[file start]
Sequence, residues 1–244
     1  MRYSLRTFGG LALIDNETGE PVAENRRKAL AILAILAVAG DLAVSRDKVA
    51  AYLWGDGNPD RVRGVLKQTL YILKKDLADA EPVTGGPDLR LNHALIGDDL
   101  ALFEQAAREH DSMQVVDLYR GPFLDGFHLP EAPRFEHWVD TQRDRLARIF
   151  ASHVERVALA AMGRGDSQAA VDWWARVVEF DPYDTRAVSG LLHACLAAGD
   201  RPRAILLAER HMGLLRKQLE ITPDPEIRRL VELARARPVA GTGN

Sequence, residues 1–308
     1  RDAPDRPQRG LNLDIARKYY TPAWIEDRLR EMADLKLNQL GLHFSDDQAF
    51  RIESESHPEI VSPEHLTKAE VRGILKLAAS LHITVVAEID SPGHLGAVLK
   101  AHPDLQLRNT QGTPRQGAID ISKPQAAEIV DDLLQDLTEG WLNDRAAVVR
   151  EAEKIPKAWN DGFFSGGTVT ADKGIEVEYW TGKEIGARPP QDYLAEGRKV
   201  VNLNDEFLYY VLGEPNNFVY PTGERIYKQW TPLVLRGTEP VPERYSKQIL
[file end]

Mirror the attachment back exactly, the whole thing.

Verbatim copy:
Sequence, residues 1–244
     1  MRYSLRTFGG LALIDNETGE PVAENRRKAL AILAILAVAG DLAVSRDKVA
    51  AYLWGDGNPD RVRGVLKQTL YILKKDLADA EPVTGGPDLR LNHALIGDDL
   101  ALFEQAAREH DSMQVVDLYR GPFLDGFHLP EAPRFEHWVD TQRDRLARIF
   151  ASHVERVALA AMGRGDSQAA VDWWARVVEF DPYDTRAVSG LLHACLAAGD
   201  RPRAILLAER HMGLLRKQLE ITPDPEIRRL VELARARPVA GTGN

Sequence, residues 1–308
     1  RDAPDRPQRG LNLDIARKYY TPAWIEDRLR EMADLKLNQL GLHFSDDQAF
    51  RIESESHPEI VSPEHLTKAE VRGILKLAAS LHITVVAEID SPGHLGAVLK
   101  AHPDLQLRNT QGTPRQGAID ISKPQAAEIV DDLLQDLTEG WLNDRAAVVR
   151  EAEKIPKAWN DGFFSGGTVT ADKGIEVEYW TGKEIGARPP QDYLAEGRKV
   201  VNLNDEFLYY VLGEPNNFVY PTGERIYKQW TPLVLRGTEP VPERYSKQIL